Dominion East Ohio plans to replace 4,100 miles, or 20 percent, of its 21,000-mile natural gas pipeline system in a 25-year project estimated to cost $2.6 billion.
Side streets, major thoroughfares and private property, mostly in older neighborhoods, will be affected, and many customers will experience temporary shutoffs that will require inspections of gas appliances before service can be restored.
The reason for all this work: The company is replacing steel pipe dating back 40 to 109 years with new steel and plastic.
The project already has begun on high-pressure lines in New Franklin and Barberton in southern Summit County and will begin soon in neighboring Green. Other high-pressure lines in Boston Township and Boston Heights also will be replaced. In those cases, 20-inch steel pipe is being replaced with new steel.
The first major residential work will begin today in a West Thornton Street neighborhood on Akron's near southwest side, bounded by the Innerbelt and West expressways.
That work will continue through most of this year, and then the company next year will move to the commercial area along East Market Street between South Arlington and the state Route 8 expressway.
''We realize a project of this magnitude will cause some inconveniences for our customers, and we apologize. We ask for their patience and understanding,'' said Dominion spokesman Jeff Zidonis.
The company expects that the $2.6 billion expenditure will result in total economic ac
tivity of $4.4 billion and that it will support as many as 3,000 jobs.
The West Thornton area will be the pilot neighborhood and was targeted first because of the large number of breaks and outages there, said Nancy Kovack, Dominion East Ohio manager of gas projects and pipeline infrastructure replacements.
Dominion has mailed several letters to Thornton Street-area residents and hosted a community meeting to explain the project.
''The whole goal is advanced notice,'' said Lori Yuan, senior communications specialist for the pipeline replacement program.
Crews will be working on sections of the neighborhood at a time, with yard restoration crews working in tandem to replace grass and concrete.
In those areas, the goal will be replacement of all steel lines with new, high-strength plastic.
The replacement includes main lines, typically buried under roads, and service lines, which connect between the main line and customer meters, Kovack said.
For customers, crews first will try to insert plastic tubing into the steel service lines as far as the meter to avoid disturbing private property, officials said. However, if they are unable to do so, Dominion has the right to dig trenches and under driveways to make a replacement, Kovack said.
''We're trying to inconvenience the customer only once. That's our goal,'' Kovack said.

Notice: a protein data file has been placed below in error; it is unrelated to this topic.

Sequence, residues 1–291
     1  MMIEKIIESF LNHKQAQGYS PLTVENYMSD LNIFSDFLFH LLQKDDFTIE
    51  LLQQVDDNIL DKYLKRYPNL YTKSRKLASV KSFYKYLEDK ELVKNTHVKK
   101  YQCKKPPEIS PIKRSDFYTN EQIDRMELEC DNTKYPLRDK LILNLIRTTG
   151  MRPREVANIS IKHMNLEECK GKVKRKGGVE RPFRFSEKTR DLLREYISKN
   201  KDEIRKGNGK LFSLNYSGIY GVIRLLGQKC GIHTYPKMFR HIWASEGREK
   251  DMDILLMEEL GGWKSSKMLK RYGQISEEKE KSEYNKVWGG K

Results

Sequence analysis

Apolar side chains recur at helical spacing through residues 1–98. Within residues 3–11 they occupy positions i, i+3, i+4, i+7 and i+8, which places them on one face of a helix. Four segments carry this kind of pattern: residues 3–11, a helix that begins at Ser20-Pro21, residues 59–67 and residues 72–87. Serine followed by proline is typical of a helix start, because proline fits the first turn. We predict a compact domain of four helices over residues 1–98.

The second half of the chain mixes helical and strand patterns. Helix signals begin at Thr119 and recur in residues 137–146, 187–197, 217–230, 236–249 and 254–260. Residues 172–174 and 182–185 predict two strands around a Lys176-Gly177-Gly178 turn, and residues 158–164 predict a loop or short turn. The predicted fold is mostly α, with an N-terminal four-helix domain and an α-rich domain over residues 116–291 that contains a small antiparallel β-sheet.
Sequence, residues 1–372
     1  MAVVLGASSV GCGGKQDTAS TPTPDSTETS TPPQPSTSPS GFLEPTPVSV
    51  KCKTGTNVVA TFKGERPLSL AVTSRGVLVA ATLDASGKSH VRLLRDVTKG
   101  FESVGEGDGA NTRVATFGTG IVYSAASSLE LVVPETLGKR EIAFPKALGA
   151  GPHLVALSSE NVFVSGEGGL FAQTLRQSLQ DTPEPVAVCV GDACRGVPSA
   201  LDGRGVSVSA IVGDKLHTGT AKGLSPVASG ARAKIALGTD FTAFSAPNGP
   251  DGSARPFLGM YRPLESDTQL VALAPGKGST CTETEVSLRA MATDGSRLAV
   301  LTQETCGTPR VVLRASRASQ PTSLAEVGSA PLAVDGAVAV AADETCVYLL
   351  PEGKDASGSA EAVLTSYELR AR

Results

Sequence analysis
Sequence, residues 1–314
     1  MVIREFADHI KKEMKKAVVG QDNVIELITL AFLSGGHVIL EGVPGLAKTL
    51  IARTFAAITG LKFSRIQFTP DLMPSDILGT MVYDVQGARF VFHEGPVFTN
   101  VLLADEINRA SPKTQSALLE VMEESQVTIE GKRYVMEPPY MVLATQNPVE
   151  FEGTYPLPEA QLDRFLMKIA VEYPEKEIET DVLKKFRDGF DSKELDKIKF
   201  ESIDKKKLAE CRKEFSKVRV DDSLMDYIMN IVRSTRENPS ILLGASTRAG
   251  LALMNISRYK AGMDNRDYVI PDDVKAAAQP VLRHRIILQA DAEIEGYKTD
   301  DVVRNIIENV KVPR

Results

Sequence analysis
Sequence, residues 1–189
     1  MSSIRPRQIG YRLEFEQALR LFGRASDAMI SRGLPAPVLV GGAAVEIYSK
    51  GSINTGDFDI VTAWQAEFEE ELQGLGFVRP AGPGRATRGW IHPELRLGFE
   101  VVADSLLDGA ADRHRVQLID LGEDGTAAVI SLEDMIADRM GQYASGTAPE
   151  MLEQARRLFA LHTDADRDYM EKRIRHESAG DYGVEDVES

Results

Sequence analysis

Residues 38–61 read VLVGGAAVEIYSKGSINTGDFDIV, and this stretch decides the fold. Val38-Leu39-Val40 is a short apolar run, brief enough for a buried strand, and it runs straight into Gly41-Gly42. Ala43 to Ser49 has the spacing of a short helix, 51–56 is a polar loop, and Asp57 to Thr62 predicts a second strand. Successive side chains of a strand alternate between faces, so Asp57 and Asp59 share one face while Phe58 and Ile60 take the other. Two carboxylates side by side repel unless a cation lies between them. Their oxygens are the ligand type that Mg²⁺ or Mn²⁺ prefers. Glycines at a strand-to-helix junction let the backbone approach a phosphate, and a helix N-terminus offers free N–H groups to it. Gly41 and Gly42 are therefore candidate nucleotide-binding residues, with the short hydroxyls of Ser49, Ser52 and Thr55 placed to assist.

Customers also will receive a new meter that allows the company to obtain readings remotely rather than sending a reader to record the dials.
When work begins on the service line, gas must be turned off, generally for a few hours. Customers do not need to be home during construction, but an adult must be present when a Dominion representative arrives to relight appliances.
Officials said they will have evening and weekend hours to accommodate occupants' schedules.
Workers will carry Dominion identification.
Risk of lost service
There is a risk that customers could lose service in the process. If a worker who is relighting equipment determines that an appliance or pipe in the building is unsafe, it is ''red-tagged'' and service can't be restored without repairs or replacement.
The cost of the 25-year project will be paid by customers through state-approved fees attached to monthly bills over more than 25 years.
The Public Utilities Commission of Ohio approved an application for the utility to charge up to $1.12 a month for the first year and up to an additional $1 per month in each of the next four years. That means the price in the second year could go to $2.12, and in the third year, to $3.12, and so on.
However, the actual amount that will appear on customer bills beginning in November is not yet known. In May, Dominion estimated in a filing to the commission that the fee for residential and small commercial customers might be 85 cents a month rather than $1.12, but that number could change based on the company's final filing and commission's review, said Vicki Friscic, director of regulatory pricing.
''By spreading it over the lives of the asset, although we're spending the capital money now, we'll spread the costs (to consumers) far beyond the 25-year program, if approved by the commission,'' Friscic said.
Further recovery from Dominion customers would be subject to commission approval after the first five years.
In May, customers began paying an additional 30 cents a month to install remote reading equipment on every residential and commercial meter by the end of 2011, reducing the need for employees who walk the streets to take individual readings.
The increase boosted the monthly service fee to $12.80.
Betty Lin-Fisher can be reached at
330-996-3724 or blinfisher@